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Author Topic: poolish vs biga  (Read 2964 times)

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Offline PizzaioloFinlandese

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Re: poolish vs biga
« Reply #20 on: December 28, 2022, 09:55:50 AM »
So, in the 100% version, thereís no other flour?   How is it poolish then (since youíre not combining it with more flour later on)?  Isnít that just THEEE pizza dough, then?

Maybe Iím misunderstanding something.

"100% poolish" sometimes refers to a dough where all the water is put in the poolish (meaning no water is added later on when you knead the final dough). With poolish there is always some flour added when the final dough is prepared meaning that only a fraction of the flour gets prefermented. This prefermentation is typically shorter than the fermentation of long bigas.

I've made a couple of 100% bigas where all the flour goes through the prefermentation step. In fact, those were my favourite pizzas so far. This won't necessarily mean that 100% biga would make a superior pizza. It just means that all the requirements and conditions for making a delicious pizza were met in that particular dough.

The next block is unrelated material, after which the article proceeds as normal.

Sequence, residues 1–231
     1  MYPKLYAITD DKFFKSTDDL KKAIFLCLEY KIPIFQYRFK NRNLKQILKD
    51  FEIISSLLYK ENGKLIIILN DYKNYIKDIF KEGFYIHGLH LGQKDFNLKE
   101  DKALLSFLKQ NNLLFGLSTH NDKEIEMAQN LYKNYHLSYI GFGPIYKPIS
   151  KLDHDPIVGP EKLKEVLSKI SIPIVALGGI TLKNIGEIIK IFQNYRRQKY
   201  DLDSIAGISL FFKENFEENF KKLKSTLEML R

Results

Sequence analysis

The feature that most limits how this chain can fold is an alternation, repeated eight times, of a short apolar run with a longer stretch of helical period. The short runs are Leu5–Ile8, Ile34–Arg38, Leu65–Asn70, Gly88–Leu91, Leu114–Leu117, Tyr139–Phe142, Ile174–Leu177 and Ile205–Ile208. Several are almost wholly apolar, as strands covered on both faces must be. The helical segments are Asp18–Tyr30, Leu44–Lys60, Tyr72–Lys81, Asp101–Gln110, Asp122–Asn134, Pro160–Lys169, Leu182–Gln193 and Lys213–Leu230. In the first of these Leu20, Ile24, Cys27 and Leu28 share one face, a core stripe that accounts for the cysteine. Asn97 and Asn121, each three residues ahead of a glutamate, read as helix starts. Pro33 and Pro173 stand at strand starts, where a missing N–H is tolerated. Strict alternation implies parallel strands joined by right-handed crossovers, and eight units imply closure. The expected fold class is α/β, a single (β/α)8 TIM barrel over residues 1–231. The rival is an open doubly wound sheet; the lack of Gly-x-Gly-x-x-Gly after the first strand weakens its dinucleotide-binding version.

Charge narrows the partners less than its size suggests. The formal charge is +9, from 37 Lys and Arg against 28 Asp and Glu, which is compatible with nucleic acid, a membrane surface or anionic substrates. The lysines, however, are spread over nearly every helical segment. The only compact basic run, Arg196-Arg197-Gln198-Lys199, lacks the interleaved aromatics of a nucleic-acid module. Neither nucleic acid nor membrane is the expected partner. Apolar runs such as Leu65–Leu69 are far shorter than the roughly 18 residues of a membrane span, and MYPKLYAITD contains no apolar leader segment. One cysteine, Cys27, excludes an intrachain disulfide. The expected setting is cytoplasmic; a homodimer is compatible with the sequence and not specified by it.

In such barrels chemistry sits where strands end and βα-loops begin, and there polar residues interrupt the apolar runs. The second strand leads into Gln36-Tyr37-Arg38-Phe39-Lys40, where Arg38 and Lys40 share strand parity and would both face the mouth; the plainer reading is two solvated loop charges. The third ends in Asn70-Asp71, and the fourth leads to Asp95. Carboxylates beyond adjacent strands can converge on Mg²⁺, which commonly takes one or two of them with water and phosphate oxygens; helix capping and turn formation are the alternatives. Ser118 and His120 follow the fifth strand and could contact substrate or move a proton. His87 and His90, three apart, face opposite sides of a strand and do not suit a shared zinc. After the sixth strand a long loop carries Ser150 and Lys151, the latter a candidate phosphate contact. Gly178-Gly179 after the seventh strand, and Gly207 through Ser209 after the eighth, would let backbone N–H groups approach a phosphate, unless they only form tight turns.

You can definitely make a perfect dough with either poolish, biga or 'metodo diretto'. You just need to find the correct combination of parameters such as time, temperature, amount of yeast, hydration and the type of flour for the method of your choice.  If you are not careful the 100% (long) biga may become overfermented in which case the taste may become a bit unpleasant, dough can become difficult to handle and the gluten is no more capable to hold gas in an optimal way. When you nail the process the dough prepared with biga is going to be very elastic, able to hold large bubbles and easy to stretch. It has a nice, slightly nutty note that adds to the depth of flavor. When using biga, remember to mix it in a proper way. Even if biga is not intended to be mixed, you need to mix it slightly so that the the dryish clumps become consistent in nature and there is not much visible, dry flour. Loose flour or dough that has dried to the sides of the containers will later form dry lumps that can be difficult to get rid of. If this happens to you, don't throw the dough away. It will still make a pizza.

With proper amount of mixing and fermentation time it is possible to knead a dough from biga even by hand. Anyway, poolish is easier because it takes less effort to incorporate flour to a wet dough/poolish than it takes to incorporate water to a dry-ish dough/biga. Poolish, which is more hydrated tends to ferment more vigorously. Even with poolish, you need to experiment and find the proper conditions in order to make an optimal dough.

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